I’d spent the entire day praying and we’d lost 3-0. I was furious. Why had G-d done this? What was the point of me praying if God, who was busy dealing with war, famine, drought and disease, couldn’t even help Orient win at Scunthorpe?
I buried my head in my prayer shawl. Once the fast ended, I ate a bagel (some stereotypes are true) and went to bed without checking a report, league table or a tweet.
The next morning I arose sullen, bleary eyed and still resentful. I’d prayed hard, felt genuine remorse for the sins I had committed and yet still felt let down. I sat down at the breakfast table and braved the newspaper. I opened the sports section and slowly flicked through until I saw the League One scores.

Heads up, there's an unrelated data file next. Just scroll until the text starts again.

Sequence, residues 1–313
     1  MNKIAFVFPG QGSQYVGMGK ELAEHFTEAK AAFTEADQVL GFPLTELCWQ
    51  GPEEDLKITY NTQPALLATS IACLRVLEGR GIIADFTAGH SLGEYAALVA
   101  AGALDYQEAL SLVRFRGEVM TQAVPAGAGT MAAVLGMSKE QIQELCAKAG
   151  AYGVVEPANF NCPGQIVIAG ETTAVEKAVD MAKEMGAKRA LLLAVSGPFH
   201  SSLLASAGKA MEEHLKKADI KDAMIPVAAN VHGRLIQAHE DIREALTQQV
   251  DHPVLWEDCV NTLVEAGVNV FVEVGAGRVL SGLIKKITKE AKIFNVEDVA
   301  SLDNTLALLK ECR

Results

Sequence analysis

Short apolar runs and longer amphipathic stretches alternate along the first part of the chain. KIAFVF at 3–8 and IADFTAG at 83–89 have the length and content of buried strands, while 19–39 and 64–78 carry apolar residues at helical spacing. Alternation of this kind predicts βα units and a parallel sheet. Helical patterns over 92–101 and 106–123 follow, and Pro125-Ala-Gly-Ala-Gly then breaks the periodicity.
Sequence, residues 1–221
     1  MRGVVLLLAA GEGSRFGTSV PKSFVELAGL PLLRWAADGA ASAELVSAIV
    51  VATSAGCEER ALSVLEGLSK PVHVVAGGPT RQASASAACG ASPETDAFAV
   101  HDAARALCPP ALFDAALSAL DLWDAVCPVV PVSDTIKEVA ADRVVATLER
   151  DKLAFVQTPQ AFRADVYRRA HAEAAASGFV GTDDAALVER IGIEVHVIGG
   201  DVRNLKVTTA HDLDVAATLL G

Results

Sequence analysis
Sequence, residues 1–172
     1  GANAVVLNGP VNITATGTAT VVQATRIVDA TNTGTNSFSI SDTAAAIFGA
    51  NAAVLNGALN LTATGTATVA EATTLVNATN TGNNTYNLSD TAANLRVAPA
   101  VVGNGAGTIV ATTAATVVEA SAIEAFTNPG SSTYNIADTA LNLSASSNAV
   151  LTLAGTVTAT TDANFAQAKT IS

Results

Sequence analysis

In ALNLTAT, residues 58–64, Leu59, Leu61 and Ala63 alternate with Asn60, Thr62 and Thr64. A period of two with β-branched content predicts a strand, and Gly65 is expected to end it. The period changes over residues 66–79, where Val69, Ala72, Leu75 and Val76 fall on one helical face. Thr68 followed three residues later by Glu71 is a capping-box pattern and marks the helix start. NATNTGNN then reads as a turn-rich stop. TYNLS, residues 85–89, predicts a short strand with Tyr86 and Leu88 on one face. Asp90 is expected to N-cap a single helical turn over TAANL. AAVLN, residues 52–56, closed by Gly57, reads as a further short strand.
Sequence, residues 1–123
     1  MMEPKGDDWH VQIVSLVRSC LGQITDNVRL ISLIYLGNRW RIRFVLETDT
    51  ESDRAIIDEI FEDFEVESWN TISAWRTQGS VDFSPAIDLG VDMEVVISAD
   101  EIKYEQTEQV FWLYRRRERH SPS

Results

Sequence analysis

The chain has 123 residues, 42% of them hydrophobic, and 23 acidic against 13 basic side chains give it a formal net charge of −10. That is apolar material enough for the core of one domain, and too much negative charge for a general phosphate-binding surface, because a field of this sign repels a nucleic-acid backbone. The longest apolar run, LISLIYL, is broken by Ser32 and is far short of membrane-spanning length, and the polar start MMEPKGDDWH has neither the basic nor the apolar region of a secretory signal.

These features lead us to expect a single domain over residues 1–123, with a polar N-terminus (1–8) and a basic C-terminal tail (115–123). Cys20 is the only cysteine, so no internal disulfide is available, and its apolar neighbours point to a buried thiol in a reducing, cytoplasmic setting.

Then something happened. The Sunday Times had got the score wrong. It read “Scunthorpe 2 Leyton Orient 3.” I was bewildered, befuddled even.
I checked the internet; it also had it wrong, “Scunthorpe 2 Leyton Orient 3”. One by one, I checked every website to see that I had been fooled; it was a joke. I had been lampooned.
I had taken it out on God when God had delivered the very thing I had sought. Perhaps the ‘O’ in God really was for Orient like the Rabbi had said (he didn’t say that). I felt embarrassed, slightly ashamed and incredibly childish as if I’d just had a big temper tantrum because I didn’t get what I wanted.
And yet, I know I’m not the only one who struggles on Yom Kippur. If you’re in Synagogue tomorrow, take a look around at just after 3pm and you’ll see people twitching from behind their prayer books, taking quick glances across the room to the man by the door, who always seems to know the score.